Qld junior blind golf champion wins International Lions World Peace essay prize

Queensland’s first junior blind golf champion Joshua Woods is now gaining international recognition – not for his ability on the golf course, but for his commitment to something most of us would never aspire to – brokering world peace.

13-year-old Joshua Wood from Brisbane has won the The Lions International Peace Essay Contest.

Hear Joshua’s essay here

The Lions International Peace Essay Contest gives young people with visual impairments an opportunity to contribute to world peace by penning their thoughts on how to make the world a better place.

Josh authored a breathtakingly powerful essay that identified compassion, humility and selfless dedication to the service of others as being the cornerstone of peace in an ever-changing world.

In a moving tribute, Josh immortalised his Grandfather who he credits with his realisation that by doing good to others, one can achieve self peace, and through the attainment of personal inner-harmony each individual can make the world a better place.

Judging is based on originality, organization and expression of the theme. This year’s theme was “Peace Through Service”.

The announcement was made as part of Lions Day with the United Nations.

Joshua is not only a talented writer, but also a keen golfer and member of Blind Golf Queensland. Joshua won the inaugural Junior’s division at the 2020 Queensland Blind Golf Open held at RACV Royal Pines on the Gold Coast.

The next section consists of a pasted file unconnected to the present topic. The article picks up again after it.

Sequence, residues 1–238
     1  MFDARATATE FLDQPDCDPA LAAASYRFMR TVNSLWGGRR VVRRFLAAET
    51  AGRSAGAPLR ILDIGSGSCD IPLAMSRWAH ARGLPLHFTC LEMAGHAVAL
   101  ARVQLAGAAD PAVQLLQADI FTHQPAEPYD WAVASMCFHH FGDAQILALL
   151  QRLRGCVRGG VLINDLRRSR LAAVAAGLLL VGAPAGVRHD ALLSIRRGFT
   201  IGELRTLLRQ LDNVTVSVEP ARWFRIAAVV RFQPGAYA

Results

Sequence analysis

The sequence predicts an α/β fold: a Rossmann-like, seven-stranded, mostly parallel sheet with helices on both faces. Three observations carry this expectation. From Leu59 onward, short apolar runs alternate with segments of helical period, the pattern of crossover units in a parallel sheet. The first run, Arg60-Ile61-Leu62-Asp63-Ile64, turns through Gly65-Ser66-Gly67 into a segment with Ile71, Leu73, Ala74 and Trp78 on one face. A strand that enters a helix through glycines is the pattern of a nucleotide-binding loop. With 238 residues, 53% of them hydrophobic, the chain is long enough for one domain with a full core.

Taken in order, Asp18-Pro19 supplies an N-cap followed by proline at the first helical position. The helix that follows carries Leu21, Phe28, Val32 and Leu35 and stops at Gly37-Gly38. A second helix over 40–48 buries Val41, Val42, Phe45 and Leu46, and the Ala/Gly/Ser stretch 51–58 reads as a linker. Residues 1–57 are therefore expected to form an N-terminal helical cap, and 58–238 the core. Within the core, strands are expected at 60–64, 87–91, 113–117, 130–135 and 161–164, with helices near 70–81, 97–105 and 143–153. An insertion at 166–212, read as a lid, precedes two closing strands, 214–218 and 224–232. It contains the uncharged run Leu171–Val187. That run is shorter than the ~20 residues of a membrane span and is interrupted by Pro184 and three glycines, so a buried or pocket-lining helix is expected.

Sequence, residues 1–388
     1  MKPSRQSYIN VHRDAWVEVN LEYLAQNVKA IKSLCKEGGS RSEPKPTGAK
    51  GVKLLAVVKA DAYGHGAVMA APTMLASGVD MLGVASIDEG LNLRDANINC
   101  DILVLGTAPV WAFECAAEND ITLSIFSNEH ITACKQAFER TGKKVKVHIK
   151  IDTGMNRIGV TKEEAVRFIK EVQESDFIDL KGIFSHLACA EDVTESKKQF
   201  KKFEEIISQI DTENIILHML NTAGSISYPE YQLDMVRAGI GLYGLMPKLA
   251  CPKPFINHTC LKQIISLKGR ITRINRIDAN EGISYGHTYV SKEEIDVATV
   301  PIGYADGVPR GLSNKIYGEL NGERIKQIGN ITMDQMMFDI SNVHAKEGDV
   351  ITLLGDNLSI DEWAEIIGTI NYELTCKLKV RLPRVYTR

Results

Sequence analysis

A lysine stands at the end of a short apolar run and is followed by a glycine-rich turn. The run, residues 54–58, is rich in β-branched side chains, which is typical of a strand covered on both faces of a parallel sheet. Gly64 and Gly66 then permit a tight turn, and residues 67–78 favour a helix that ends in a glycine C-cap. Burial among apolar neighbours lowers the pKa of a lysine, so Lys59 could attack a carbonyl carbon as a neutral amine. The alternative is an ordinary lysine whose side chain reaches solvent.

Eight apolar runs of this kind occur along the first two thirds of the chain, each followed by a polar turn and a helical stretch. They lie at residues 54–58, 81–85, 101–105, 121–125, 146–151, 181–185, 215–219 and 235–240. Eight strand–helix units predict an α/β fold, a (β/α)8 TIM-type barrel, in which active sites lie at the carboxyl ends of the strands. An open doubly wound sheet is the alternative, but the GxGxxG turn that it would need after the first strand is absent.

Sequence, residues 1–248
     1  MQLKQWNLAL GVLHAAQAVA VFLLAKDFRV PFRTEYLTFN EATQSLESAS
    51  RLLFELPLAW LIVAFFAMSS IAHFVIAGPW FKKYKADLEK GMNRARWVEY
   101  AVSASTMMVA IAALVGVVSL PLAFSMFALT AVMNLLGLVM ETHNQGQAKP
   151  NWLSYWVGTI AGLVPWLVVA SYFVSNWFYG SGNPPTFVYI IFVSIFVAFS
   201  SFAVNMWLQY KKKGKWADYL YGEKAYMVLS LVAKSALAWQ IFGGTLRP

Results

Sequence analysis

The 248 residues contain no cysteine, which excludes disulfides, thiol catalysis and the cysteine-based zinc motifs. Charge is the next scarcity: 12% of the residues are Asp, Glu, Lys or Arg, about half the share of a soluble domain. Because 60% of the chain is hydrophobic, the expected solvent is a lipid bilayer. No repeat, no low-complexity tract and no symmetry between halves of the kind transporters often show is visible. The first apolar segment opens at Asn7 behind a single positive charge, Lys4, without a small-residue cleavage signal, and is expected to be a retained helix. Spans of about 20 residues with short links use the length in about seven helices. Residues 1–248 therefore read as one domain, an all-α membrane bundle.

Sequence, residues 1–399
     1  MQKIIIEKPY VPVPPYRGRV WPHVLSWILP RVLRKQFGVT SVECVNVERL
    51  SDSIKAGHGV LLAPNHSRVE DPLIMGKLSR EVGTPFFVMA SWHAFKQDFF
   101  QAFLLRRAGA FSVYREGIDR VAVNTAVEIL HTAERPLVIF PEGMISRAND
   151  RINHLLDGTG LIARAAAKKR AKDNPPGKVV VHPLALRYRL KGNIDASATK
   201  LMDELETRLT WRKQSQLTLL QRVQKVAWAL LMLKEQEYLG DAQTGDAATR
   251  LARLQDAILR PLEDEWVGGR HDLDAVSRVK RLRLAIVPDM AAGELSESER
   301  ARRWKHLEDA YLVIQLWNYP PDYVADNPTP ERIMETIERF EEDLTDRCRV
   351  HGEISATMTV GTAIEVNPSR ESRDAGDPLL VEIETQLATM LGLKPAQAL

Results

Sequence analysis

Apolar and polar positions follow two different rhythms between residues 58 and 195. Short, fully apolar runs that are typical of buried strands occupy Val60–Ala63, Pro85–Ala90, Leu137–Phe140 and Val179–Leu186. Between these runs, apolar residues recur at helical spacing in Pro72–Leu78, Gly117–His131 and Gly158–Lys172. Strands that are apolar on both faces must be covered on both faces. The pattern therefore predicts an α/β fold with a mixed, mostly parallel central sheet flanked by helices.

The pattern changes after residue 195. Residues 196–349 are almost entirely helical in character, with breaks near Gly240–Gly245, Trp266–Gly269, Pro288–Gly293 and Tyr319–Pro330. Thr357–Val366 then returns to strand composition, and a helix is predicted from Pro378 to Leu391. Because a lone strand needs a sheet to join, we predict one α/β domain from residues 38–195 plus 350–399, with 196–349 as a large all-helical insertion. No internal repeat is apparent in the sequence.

Joshua is also a member of the Queensland Blind Golf juniors squad.

“Blind Golf Queensland members are so happy for Joshua Wood’s achievement in winning the Major Award for Lions International Peace Essay competition,” said club secretary, Neil Herdegen.

“After witnessing Joshua’s continued successes and improvement on the golf course, we’re thrilled to see him putting his efforts towards such a noble endeavour.

“In fact, it’s difficult to think of a more worthy endeavour.

“He puts us all to shame – while we’re worried about curing our dreaded driver slice and trying to putt straight, Josh is bringing peace to the World.”

Joshua hopes his essay encourages others to help people despite any disabilities or difficulties they face.

“I was born with a rare retinal condition and use braille to read,” said Joshua. “I would like others to know that even if you have a disability, you can still achieve great things and be a positive influence on other people.”

“The Peace Essay is important because it encourages people to not only think about peace but also how to achieve it,” said Joshua. “I would love to live in a more peaceful world and for people to find inner peace. I believe many problems and disputes can be solved with a more peaceful approach, whereby people think of others as well as themselves. With more patience, kindness and a willingness to help others, I believe we can achieve a more peaceful society.”

Lord Mayor Adrian Schrinner also was keen to congratulate Queensland’s first junior blind golf champion.

“What Joshua has achieved is not only extraordinary for Brisbane and our nation, but is also empowering visually-impaired young people across the world to strive for peace,” Cr Schrinner said.

Joshua also appeared on ABC Radio. The interview with Josh and his proud mum Jenny is here:


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